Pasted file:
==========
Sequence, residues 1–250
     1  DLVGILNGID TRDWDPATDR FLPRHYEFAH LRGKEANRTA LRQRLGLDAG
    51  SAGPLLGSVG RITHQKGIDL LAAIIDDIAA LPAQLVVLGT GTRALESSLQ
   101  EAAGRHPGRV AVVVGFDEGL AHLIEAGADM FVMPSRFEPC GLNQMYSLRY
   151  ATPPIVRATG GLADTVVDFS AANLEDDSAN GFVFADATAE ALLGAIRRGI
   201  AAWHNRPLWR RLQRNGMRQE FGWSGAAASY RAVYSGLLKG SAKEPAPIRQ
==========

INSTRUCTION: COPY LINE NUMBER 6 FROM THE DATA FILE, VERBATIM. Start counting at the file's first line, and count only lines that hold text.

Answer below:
   201  AAWHNRPLWR RLQRNGMRQE FGWSGAAASY RAVYSGLLKG SAKEPAPIRQ